Lo Calzo photographed his models in private situations, at home, at work or in the street. In Lo Calzo’s photographs, Fidel, Kwedi, Babel are not victims of their size. On the contrary, they are the primary agents of their lives, protagonists of the scene represented.
In these terms, the photographer questions the conventional representation of diversity, self-esteem and self-acceptance: his models gaze directly into the camera as if intentionally searching the eyes of their viewers. They fully assume the role of actors and directors of their own lives. In some African societes still deeply polarized around the concept of normal and abnormal, good and evil, tradition and modernity, “Morgante” is an invitation to break this archetype of “monster” and come to full recognition of diversity. (artist statement)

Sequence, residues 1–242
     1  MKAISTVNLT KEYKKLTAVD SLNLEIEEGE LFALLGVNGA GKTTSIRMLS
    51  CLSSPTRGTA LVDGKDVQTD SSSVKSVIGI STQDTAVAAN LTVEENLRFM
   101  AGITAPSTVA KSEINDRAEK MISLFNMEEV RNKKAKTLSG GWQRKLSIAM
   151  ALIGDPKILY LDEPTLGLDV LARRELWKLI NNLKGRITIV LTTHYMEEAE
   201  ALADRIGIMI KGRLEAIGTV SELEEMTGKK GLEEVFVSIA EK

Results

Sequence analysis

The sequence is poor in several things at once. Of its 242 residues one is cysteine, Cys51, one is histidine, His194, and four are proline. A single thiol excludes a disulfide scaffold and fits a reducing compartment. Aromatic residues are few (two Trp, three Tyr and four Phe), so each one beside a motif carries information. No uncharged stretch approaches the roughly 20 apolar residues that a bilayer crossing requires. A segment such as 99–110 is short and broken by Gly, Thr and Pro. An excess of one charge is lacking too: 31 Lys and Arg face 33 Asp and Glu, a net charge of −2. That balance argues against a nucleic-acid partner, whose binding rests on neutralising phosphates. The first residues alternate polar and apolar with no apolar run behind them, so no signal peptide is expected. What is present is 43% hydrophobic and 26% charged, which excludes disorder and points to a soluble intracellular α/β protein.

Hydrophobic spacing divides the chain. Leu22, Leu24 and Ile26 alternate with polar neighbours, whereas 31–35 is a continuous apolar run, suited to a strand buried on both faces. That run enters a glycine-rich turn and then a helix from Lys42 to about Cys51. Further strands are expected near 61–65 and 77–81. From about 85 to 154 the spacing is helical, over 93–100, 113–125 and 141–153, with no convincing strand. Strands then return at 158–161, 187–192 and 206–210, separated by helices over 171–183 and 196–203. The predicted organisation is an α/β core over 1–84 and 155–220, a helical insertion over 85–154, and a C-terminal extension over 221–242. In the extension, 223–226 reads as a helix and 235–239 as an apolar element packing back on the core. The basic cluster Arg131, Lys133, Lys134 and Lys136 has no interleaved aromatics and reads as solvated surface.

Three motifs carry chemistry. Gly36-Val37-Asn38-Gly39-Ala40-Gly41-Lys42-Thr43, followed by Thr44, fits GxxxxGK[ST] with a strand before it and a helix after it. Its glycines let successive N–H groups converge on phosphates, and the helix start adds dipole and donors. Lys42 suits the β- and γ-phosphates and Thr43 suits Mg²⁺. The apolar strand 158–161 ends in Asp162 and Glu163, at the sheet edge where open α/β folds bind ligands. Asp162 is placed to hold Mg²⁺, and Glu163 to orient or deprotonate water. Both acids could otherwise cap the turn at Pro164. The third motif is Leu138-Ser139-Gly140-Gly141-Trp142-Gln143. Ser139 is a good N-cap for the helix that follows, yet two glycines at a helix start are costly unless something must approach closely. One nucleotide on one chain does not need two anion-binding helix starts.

July 16, 2014
Orchard Beach: The Bronx Riviera
Although New York’s Bronx is considered one of the most diverse communities in America out of which many subcultures originated, such as Hip Hop and Salsa, it’s still viewed as a no man’s land by many of the city’s inhabitants. Perhaps it is a matter of simple geography that many refuse to venture to the northernmost of the city’s five boroughs or, quite possibly, it may be the Borough’s malevolent reputation lingering from its tumultuous past.